# Homework Help: Setting the equ. of motion help

1. Nov 25, 2004

### quasar987

I have to find the equations of motion using Newton's laws for this system (see attached file). I have found them using Lagrange's equations and compared with a friend's results: we have the same.

$$m_1 (\ddot{x_1} - \ddot{x}) + k_1 x_1 = 0$$

$$m_2 (\ddot{x} + \ddot{x_2}) + k_2 x_2 = 0$$

$$m_1(\ddot{x} - \ddot{x_1}) + m_2 (\ddot{x} + \ddot{x_2}) + m_3 \ddot{x} = 0$$

But how do we arrive to that with Newton's laws? Why isn't it simply $m_1 \ddot{x_1} + k_1 x_1 = 0$ for $m_1$ ?!

eee.. I should have posted this in the homework help section, I apologize.

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Last edited: Nov 26, 2004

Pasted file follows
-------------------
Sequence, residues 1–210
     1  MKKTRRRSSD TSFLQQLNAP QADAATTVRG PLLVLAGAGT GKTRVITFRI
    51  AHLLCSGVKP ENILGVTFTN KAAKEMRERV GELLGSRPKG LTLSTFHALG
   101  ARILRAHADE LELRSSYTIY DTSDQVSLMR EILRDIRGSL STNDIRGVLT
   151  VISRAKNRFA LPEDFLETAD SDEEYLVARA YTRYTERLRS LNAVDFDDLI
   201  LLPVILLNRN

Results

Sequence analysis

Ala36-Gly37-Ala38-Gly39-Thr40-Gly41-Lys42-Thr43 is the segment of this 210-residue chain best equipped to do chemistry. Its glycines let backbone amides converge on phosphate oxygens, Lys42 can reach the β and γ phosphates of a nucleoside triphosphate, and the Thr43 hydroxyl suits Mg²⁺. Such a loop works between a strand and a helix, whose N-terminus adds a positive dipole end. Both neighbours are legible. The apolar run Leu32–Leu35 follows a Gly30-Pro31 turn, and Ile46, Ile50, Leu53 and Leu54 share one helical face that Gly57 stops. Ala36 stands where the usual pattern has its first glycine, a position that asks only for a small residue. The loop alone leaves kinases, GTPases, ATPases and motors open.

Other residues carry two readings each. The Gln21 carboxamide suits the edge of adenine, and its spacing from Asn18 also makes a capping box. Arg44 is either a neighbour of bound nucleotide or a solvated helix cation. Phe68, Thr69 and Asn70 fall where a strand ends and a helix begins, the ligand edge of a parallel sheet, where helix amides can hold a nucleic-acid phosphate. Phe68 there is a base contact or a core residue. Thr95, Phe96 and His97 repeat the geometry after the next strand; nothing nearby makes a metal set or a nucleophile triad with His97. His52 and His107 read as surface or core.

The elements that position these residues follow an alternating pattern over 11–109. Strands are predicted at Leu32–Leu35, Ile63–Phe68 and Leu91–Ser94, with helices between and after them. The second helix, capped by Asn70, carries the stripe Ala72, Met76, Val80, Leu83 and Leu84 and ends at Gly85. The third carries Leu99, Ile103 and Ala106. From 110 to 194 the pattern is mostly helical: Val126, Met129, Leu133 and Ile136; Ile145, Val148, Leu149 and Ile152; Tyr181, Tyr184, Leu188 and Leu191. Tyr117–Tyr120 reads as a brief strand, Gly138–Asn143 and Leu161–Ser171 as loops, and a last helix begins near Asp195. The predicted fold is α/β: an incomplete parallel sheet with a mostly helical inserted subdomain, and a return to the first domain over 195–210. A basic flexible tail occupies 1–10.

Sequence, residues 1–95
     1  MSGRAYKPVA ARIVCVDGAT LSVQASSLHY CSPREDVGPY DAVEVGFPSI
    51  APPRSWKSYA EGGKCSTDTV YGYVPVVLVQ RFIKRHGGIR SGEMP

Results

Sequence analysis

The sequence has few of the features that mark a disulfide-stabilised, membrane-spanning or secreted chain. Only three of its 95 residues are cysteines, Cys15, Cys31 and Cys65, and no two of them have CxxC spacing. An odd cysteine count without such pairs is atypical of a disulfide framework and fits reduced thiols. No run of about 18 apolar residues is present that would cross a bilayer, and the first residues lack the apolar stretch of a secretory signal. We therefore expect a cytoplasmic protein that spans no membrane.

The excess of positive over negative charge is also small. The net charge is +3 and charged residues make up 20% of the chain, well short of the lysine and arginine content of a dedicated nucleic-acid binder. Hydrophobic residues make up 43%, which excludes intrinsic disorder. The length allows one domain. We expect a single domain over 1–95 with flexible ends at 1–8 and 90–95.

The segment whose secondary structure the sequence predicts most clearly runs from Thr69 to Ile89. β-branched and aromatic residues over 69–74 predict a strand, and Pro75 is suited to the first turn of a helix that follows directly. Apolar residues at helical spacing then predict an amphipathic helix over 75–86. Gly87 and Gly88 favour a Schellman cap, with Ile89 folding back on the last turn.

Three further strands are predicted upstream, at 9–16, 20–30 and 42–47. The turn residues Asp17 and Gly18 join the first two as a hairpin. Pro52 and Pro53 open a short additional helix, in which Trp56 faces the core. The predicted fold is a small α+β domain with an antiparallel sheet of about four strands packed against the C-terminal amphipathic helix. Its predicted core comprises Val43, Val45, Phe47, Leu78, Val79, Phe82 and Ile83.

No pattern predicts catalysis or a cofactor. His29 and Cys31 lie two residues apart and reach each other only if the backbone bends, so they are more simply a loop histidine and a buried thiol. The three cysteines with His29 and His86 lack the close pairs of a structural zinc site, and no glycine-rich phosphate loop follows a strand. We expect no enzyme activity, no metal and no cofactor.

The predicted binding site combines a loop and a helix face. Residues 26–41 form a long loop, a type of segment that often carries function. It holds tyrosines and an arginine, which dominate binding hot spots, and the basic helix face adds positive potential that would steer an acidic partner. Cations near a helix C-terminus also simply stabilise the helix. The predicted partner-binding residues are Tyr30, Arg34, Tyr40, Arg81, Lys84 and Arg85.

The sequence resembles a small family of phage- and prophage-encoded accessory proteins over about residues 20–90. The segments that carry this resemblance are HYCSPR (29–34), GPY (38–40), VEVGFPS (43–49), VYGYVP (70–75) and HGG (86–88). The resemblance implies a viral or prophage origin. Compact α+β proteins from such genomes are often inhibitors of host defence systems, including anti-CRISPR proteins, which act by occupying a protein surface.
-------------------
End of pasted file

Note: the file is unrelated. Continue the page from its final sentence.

2. Nov 28, 2004

### quasar987

I found the third one; it's the equation of motion for the center of mass of the system.

3. Nov 28, 2004

### quasar987

And the other 2 work too if you consider the position of m1 and m2 as being mesured from the same axe as the position of m3 (i.e. the coordinate x) and take care of inverting the sign of the force on m1 because the x1 coordinate is measured in the opposite direction to x.

(I'm writting this because a lot of people have checked the thread but no one answered. So some people may be interested in the solution.)